Senate approves spending bill as Trump emergency declaration looms
With President Trump’s signature assured, the Senate on Thursday approved the $333 billion spending deal that funds dozens of federal agencies through the rest of the fiscal year, averting another shutdown.
The 83-16 vote still must be followed by House approval, though that was expected later Thursday.
Lawmakers had been reading through nearly 2,000 pages of legislative language in the bill and accompanying report, released just after midnight Thursday, as they awaited an announcement from the White House about what Mr. Trump would do.
Mr. McConnell broke the wait just after 3 p.m., saying he’d spoken with the president and had assurances he would sign the measure but he’ll also issue a national emergency declaration to build more wall than Congress has approved.
“I had an opportunity to speak with President Trump and he, I would say to all my colleagues, has indicated he’s prepared to sign the bill. He’ll also be issuing a national emergency declaration at the same time,” Mr. McConnell said.
The White House confirmed the move.
Heading into the Senate vote, leaders in both parties said avoiding more budget pain trumped lingering concerns about which side came out ahead in the standoff over border security and about having members vote on the 1,100-plus page bill less than 24 hours after it was introduced.
Shutting down the government was “stupid,” and to go through it again would be “more stupid,” said Sen. Johnny Isakson, Georgia Republican.
“A, we should pass whatever it takes to get out of a shutdown. And B, we should never let this happen to us again,” Mr. Isakson said.
The bill provides nearly $1.4 billion for new border “fencing” in Texas. That’s well below the $5.7 billion Mr. Trump was seeking, but significantly higher than the $1 ante House Speaker Nancy Pelosi offered last year.
There is also enough money to maintain a daily average of 45,274 Immigration and Customs Enforcement (ICE) detention beds, which was another sticking point for both sides. The legislation also includes flexibility for ICE to go above that number if need be, as the White House and congressional Republicans had advocated.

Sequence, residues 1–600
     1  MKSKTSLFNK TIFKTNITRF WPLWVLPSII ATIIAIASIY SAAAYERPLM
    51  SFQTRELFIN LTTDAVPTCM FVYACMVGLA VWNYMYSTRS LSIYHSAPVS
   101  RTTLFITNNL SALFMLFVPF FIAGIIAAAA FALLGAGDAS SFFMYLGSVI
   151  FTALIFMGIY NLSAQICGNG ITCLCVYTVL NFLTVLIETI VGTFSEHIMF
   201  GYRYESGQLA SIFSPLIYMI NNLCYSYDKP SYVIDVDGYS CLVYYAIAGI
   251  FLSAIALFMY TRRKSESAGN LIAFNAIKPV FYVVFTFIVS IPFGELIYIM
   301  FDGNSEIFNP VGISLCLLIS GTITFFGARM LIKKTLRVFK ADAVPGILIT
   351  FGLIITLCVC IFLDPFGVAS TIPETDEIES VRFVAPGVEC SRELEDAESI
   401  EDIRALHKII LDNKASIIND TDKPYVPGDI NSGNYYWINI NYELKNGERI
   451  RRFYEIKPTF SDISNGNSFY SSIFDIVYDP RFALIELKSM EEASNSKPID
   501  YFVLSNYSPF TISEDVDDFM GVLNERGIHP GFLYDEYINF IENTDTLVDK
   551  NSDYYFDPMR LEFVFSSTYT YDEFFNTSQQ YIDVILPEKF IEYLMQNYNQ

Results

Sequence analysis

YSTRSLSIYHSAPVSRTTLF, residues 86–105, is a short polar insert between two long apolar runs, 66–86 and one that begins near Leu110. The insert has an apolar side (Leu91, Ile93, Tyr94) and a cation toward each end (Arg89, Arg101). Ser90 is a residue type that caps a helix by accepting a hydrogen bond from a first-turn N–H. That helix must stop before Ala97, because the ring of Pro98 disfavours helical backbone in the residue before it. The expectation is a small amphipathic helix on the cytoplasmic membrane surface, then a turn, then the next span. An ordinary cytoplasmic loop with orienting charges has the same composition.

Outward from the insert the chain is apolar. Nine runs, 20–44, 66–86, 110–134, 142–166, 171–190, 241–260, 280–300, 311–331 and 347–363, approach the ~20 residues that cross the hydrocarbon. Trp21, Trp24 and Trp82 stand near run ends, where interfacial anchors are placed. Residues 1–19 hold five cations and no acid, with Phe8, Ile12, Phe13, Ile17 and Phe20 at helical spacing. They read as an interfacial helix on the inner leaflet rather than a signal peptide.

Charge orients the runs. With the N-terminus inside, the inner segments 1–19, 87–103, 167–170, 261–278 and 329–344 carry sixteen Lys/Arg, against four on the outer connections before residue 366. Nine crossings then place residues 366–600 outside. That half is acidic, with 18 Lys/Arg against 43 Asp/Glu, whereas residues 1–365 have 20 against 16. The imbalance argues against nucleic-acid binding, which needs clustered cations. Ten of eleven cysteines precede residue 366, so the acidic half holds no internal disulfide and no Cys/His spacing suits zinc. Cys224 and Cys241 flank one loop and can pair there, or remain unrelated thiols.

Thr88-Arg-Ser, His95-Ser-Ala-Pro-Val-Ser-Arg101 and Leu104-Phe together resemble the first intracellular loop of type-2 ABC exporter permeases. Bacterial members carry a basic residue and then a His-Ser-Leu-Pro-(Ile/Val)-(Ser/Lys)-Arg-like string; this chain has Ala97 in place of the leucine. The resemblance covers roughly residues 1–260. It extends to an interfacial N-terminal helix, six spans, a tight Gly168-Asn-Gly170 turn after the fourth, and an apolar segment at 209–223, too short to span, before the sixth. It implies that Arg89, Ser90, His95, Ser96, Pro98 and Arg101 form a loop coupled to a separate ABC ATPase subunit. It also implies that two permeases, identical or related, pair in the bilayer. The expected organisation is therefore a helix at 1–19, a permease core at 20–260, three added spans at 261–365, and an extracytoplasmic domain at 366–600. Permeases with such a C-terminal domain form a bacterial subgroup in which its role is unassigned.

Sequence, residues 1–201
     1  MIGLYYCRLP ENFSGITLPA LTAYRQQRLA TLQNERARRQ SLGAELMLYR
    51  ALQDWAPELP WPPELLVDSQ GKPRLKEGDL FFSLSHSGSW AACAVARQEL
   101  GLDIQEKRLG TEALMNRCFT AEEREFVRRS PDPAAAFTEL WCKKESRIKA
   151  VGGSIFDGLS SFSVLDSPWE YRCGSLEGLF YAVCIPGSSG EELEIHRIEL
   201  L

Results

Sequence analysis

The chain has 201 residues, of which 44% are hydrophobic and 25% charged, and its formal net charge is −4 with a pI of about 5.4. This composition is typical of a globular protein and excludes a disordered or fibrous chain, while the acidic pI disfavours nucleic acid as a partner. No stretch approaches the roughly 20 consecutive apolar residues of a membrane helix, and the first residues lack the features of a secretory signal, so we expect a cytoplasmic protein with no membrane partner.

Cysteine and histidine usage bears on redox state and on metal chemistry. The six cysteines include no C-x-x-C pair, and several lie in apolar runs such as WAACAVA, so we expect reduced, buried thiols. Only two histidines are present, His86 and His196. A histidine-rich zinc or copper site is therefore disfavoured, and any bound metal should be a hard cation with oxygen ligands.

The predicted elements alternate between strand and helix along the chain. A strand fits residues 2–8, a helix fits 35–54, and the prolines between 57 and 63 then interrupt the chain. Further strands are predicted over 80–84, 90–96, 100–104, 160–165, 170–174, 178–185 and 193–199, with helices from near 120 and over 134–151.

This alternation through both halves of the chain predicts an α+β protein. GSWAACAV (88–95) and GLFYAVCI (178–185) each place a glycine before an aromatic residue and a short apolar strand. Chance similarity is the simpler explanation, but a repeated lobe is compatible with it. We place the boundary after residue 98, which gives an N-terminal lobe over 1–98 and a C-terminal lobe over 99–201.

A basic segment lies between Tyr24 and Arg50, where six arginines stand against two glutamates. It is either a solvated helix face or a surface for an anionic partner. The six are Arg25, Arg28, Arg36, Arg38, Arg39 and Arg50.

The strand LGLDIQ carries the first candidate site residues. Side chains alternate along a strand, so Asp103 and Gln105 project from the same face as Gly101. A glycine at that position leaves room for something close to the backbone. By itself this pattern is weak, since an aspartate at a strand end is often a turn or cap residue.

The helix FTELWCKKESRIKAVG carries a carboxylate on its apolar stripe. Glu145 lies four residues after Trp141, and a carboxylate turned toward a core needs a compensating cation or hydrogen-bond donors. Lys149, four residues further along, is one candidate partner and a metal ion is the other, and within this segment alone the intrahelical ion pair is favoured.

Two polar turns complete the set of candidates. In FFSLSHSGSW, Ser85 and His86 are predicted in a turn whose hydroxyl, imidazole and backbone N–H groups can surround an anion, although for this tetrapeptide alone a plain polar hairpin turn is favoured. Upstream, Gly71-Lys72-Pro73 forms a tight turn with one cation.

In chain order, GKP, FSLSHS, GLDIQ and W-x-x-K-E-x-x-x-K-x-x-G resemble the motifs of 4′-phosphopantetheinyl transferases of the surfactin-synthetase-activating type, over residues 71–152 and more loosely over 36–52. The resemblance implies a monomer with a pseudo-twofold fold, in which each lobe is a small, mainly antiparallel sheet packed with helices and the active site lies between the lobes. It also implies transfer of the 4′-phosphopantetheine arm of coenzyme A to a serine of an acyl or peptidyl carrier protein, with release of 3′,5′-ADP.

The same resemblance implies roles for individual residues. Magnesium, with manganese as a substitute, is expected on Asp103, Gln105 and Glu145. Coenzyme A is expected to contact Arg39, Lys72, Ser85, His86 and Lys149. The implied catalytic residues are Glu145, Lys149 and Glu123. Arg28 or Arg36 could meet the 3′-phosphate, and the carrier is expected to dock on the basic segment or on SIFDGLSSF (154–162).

Senate Minority Leader Charles E. Schumer called the package a “reasonable compromise” and said it provides for “smart, effective border security.”
“It does not fund the president’s wall, but it does fund smart border security initiatives that both parties have always supported,” said Mr. Schumer, New York Democrat. “Most importantly, it will keep our government open.”
After top negotiators announced Monday evening they’d reached an agreement in “principle,” staff raced to put the ideas to paper. House Appropriations Committee Chairwoman Nita Lowey officially filed the bill in the House just before the clock struck midnight late Wednesday evening.
The House was expected to pass the bill later Thursday.
Lawmakers had anticipated that Mr. Trump would sign a Senate-passed stopgap funding bill in December, but the president ultimately refused, saying it fell short on border security. That helped trigger the recent 35-day shutdown the longest in U.S. history.
In addition to homeland security money, the package also includes funding through September for departments like NASA and the EPA that are covered by six other individual spending bills lawmakers had been close to finalizing last year before the standoff over the border wall derailed the process.
It includes a 1.9 percent pay increase for civilian federal workers, and a $1 billion boost for the Commerce Department to prepare for the 2020 census.
It also provides $11.3 billion for the IRS, a slight boost compared to 2018, as the agency grapples with processing Americans’ tax returns for the first full filing year after Republicans passed their $1.5 trillion tax-cut package late in 2017.